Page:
On August 3, 2020, by a vote of 93 to 5, the US Senate passed the “Pension Protection Act of 2006″, already approved by the House of Representatives on July 28, 2020 and now going to President Bush to be signed into law.

This massive bill (907 pages) is a major piece of legislation that, like ERISA in the 1970s, will effect capital flows in the US market over the next generation.

Links to the full text of this law and related discussions can be found on BenefitsBlog.

A Boon For Wall Street?

The Wall Street Journal has already headlined some of the expected effects on capital flows.

In the lead editorial on August 4, 2020, “The Pension Era, R.I.P.”, the Journal announced that this law “signals the end of the old, defined-benefit pension era.”

In an article on August 7, 2020, the WSJ announced, “Pension Bill Promises Windfall for Fund Firms”, citing research by the Vanguard Group projecting an additional 5.5 million new savers in 401(k) plans.

The article also states that passage of the bill was helped along by heavy lobbying by the mutual fund industry trade organization, the Investment Company Institute. The Act allows, but does not require, automatic enrollment in 401(k) plans and permits employers to give “investment advice” to plan participants.

The Law of Unintended Consequences

History suggests that a law as complex as the Pension Protection Act of 2006 is likely to be laced with obscure provisions that will have unintended consequences.

More »


Repurchases of company stock, mostly under the safe harbor exemption from market manipulation provided by SEC Rule 10b-18, set an all time record of $366 billion (net) in 2005. This was 260% of levels in 2004 and 880% of buybacks in 2002.

Despite extremely aggressive tactics of corporate management to manipulate stock prices upwards and give value to option and bonus plans, stock prices rose only about 3% in 2005, on average.

Federal Reserve national flow of funds accounts of corporate equities (Table F213) show why stock buybacks were less effective in boosting prices than in the past:

  1. Individuals (U.S. Households) sold, on balance, $501.1 billion in equities in 2005 — mostly executives cashing in on option remuneration plans. This was a record sell-out, twice the level of 2004. Obviously, direct holders of equities did not have as optimistic an outlook for equity prices as did Wall Street touts.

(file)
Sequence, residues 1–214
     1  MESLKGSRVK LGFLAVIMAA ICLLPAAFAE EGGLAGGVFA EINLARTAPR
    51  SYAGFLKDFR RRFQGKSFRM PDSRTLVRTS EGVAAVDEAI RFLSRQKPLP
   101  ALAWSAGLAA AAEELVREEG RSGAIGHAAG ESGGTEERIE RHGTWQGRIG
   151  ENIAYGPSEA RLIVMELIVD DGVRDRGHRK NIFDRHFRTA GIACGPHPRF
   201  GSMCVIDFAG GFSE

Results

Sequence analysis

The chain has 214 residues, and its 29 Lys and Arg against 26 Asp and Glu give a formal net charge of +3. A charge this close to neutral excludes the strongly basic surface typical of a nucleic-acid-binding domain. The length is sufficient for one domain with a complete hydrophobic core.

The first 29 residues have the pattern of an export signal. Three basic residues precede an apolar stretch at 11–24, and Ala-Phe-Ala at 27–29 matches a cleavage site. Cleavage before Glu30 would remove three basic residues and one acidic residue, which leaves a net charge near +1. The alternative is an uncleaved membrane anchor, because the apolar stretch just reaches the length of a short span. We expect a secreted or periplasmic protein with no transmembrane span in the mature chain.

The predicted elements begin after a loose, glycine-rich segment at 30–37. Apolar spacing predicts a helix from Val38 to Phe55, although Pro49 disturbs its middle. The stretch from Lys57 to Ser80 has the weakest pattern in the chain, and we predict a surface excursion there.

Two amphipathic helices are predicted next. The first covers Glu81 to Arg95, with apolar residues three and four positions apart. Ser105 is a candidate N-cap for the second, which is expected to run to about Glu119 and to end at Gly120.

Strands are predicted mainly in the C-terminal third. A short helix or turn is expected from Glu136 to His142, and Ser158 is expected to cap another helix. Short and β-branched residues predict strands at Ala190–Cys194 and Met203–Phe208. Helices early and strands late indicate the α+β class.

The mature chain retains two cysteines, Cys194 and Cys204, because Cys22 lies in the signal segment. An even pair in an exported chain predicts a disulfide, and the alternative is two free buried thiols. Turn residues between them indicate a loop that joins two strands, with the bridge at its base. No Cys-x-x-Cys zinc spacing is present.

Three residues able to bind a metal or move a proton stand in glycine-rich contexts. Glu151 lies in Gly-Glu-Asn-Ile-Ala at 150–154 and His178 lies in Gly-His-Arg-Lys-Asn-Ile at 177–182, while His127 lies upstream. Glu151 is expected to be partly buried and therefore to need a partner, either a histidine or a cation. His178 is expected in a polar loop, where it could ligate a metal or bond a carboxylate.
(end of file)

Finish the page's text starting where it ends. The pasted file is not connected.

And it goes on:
2. Foreign corporations sold a record net $137.5 billion of new issues into the U.S. market, taking advantage of the over-pricing of U.S. equities engendered by buyback programs. Over-valued stocks mean lower capital costs to companies that are building for the future.

Meanwhile, as executives used stock buybacks to pay themselves, they continued to short-change long-term investors. Cash dividends fell to the lowest level in five years: $234.8 billion.

Not surprisingly, Wall Street firms with special 10b-18 departments reported record profits in 2005.

Long-term, unsophisticated investors, trusting to mutual funds through 401(k) and other tax deferred retirement plans, continued unaware of the massive looting of their savings. (See: Essays on Stock Buybacks and Options), while the SEC looked away, even encouraging this type of market manipulation.


Over 55% of corporate stock that belongs to U.S. Households and Nonprofit Organizations is held indirectly through intermediaries who hold the power to vote these shares.

As of December 2004, according to the Federal Reserve Flow of Funds Account Table B100e, this indirect stock ownership was divided among five major categories of intermediaries, by market value:

  1. Life Insurance Companies: ($1,028.9 billion), as pension reserves, mainly individual and group annuities.
  2. Defined Benefit Private Pension Funds: ($859.9 billion), mainly corporate pension plans.
  3. Defined Contribution Pension Plans: ($1,656.3 billion), mainly 401(k) and similar company plans.
  4. State, Local, and Federal Government Retirement Funds: ($1,706.3 billion), mainly defined-benefit pension plans for state and local governments.
  5. Mutual Funds: ($2,531.6 billion), mainly as Individual Retirement Accounts.

The graphs shows how indirect holdings of equities belonging to Households and Nonprofit Organizations were divided among these categories of intermediaries in December 2004:

Intermediaries Holding Stock Proxies
Intermediaries Holding Stock Proxies

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